10 More Buddhist Women You Should Know

Last week, Rev. Zesho Susan O’Connell, Vice President of the San Francisco Zen Center, posted a list of 10 Buddhist Women Every Person Should Know. She began with Mahapajapati (the Buddha’s stepmother and first female Buddhist monastic), and then skips up to the 20th century and over to Western women. All of those mentioned are worth reading about and indeed should be known, not only as examples of great Buddhist women, but as simply wonderful people.

I thought a bit more could be said though, and a few more women could be added to the list. For starters, going back to Mahapajapati. True, she was the first Buddhist nun – thus establishing the longest surviving female ordination lineage. Moreso, she was a very tough woman, an exceptionally devoted stepmother, wife, and finally an amazingly courageous practitioner. We are told that she won ‘stream entry’ even as a lay follower.  When she led 500 women to seek ordination from the Buddha, he refused (*see below) and went off to the next town, but she and the others followed him. Having cut their hair and donning yellow robes and injured feet, they again requested ordination. This time Ananda interceded and the request was granted.

Soon after, Mahapajapati became fully awakened, putting her on par with the religious achievement of any man. And the Buddha deemed her to be foremost of those who had experience (rattaññūnam) (A.i.24). Her teachings drew numerous other women into the monastic life and eventual awakening as well – read more about Mahapajapati here.

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For more on the early nuns, it’s always fun to read the Therigatha, or sayings of the elder sisters. For a beautiful translation of many of these verses, along with thoughtful historical and feminist discussion, see Susan Murcott’s First Buddhist Women: Poems and Stories of Awakening – (this link takes you to the new edition, with a lovely introduction by Diana Winston).

DianaWinston-Headshot-091 via http://www.fullypresentthebook.com/authorsSpeaking of Diana Winston – and bouncing to the 20th/21st century for a moment – here is another Buddhist woman you should know about. Having lived as a Buddhist nun in Burma for a year, Diana returned to lay life and currently is the Director of Mindfulness Education at UCLA’s Mindful Awareness Research Center (MARC), and a teacher at Spirit Rock Meditation Center. She is the author of Wide Awake: A Buddhist Guide for Teens and co-author of Fully Present: The Science, Art, and Practice of Mindfulness, with Susan Smalley. She has published many articles on mindfulness, Buddhism, and society and a number of her dharma talks can be heard/downloaded here, and some other articles of hers can be read at KillingtheBuddha.

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Going back to the Therigatha, I have long been fond of #11, the poem by the nun Mutta, rendered as follows by Thanissaro Bhikkhu:

So freed! So thoroughly freed am I! —
from three crooked things set free:
from mortar, pestle,
& crooked old husband.
Having uprooted the craving that leads to becoming,
I’m set free from aging & death.

Sumuttā sādhu muttāmhi tīhi khujjehi muttiyā,
Usukkhalena musalena patinā khujjakena ca,
Muttāmhi jātimaraṇā bhavanetti samūhatāti.

Itthaṃ sudaṃ muttā therī gāthaṃ abhāsitthā’ti.

Muttātherīgāthā.

Murcott, in her discussion of this poem, suggests that muttiyā could better be rendered as “freed by means of.” The word is the present passive of mutta: freed or released. Thus the three instruments of her oppression turn out to be the very factors of her awakening. And indeed, the three things: Usukkhalena musalena and patinā khujjakena are all in the instrumental, which in English we would render ‘by’ or ‘with’ or ‘by means of’ – and not in the ablative, usually rendered with ‘from’.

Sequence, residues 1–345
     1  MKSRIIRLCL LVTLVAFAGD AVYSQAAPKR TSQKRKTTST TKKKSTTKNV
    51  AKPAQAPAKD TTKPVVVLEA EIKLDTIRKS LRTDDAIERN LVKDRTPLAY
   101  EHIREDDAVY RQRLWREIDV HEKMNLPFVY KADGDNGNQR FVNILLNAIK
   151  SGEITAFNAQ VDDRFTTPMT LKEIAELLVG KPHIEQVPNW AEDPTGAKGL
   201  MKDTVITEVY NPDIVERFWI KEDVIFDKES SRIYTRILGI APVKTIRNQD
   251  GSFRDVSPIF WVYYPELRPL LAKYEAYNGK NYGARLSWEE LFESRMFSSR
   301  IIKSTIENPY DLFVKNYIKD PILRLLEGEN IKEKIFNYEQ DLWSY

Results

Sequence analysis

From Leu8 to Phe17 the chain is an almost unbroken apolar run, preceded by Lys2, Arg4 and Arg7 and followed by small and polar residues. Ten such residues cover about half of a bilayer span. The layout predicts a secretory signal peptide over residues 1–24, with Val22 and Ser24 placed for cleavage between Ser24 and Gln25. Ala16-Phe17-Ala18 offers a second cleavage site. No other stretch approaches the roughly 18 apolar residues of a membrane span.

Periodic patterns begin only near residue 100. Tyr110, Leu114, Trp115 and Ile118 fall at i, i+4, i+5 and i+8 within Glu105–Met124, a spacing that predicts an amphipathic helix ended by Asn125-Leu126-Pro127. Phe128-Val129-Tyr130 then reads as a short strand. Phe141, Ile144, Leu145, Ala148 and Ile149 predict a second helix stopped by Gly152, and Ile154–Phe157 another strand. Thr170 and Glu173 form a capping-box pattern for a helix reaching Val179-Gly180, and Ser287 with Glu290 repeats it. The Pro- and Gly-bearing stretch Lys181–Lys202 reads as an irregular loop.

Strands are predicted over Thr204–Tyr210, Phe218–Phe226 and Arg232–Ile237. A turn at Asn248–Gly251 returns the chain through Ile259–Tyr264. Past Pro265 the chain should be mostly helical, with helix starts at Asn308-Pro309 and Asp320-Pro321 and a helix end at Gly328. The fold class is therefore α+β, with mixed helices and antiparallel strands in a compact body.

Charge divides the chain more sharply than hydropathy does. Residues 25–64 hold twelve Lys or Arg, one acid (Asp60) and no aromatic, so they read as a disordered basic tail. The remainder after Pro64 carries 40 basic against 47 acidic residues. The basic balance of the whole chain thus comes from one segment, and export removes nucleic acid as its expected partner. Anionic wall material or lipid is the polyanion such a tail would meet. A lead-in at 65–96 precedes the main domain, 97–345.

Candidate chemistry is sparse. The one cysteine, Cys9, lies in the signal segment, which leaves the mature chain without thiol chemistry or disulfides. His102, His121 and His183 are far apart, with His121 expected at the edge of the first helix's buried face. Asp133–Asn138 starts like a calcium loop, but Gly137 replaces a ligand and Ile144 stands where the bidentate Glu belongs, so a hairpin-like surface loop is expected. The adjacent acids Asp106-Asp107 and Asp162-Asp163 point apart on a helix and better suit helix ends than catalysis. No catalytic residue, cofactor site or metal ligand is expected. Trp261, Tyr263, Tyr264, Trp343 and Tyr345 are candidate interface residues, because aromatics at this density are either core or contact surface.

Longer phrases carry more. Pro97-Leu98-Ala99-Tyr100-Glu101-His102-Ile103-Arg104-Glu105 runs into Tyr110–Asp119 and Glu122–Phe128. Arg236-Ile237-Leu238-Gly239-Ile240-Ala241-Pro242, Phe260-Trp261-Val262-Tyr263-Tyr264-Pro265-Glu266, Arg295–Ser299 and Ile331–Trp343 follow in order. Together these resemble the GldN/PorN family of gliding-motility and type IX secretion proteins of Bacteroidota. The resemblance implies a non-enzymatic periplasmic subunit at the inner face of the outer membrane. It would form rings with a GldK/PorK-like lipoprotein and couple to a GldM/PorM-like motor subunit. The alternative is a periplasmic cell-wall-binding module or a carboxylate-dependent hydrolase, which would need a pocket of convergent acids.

So Mutta, who was born into a poorer Brahman family and married off to a crooked older man, turns the grounds of her suffering into the instruments of her liberation.

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A third Buddhist woman worth knowing, and the last from my end (I’ll be counting on you to add seven more in the comments and/or by way of posts at your own blogs) is Venerable Yifa. Ven Yifa is a virtual powerhouse of contemporary dharma - A Taiwanese Buddhist nun with over thirty years of practice, trained as a lawyer, with a Ph.D from Yale. What can I tell you about Ven Yifa? Well, I’ll start by mentioning three of her most recent books: Discernment: Educating the Mind and Spirit, Authenticity: Clearing the Junk: A Buddhist Perspective, and The Tender Heart: A Buddhist Response to Suffering. She has been a pioneer in interfaith monastic dialogue, outspoken advocate of Theravadin Buddhist nuns, and leader in bringing young Westerners to both Taiwan and China to experience the culture and Buddhist practices their on the ground. (n.b. both programs are still taking applications for this summer, due April 15.) I’ve traveled with her in both programs and highly recommend them. If you’re not up for traveling half-way around the world, at least have a look at her books and a couple videos:

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Please add more in the comments and/or links to blogs or other useful websites.

* The Buddha’s refusal may seem a bit perplexing at first. If women could – and eventually would – attain the same spiritual attainments as men in Buddhism, why refuse them their own order? The answer given to me early in my studies, which I still see as quite plausible, is that while the Buddha certainly went ‘against the stream’ of his society, he still knew better than to rock the boat too much (there was a saying around that time that he who raises his head up too much should have it chopped off – that is: follow your duty if you know what’s good for you). The fact that he was a bit conservative at first, but later gave in, suggests more his flexibility and humility as a teacher and less so any kind of misogyny. The fact that his female order continued, and preserved the teachings of these women in societies hostile to women likewise suggests at least  a touch of an enlightened attitude toward women.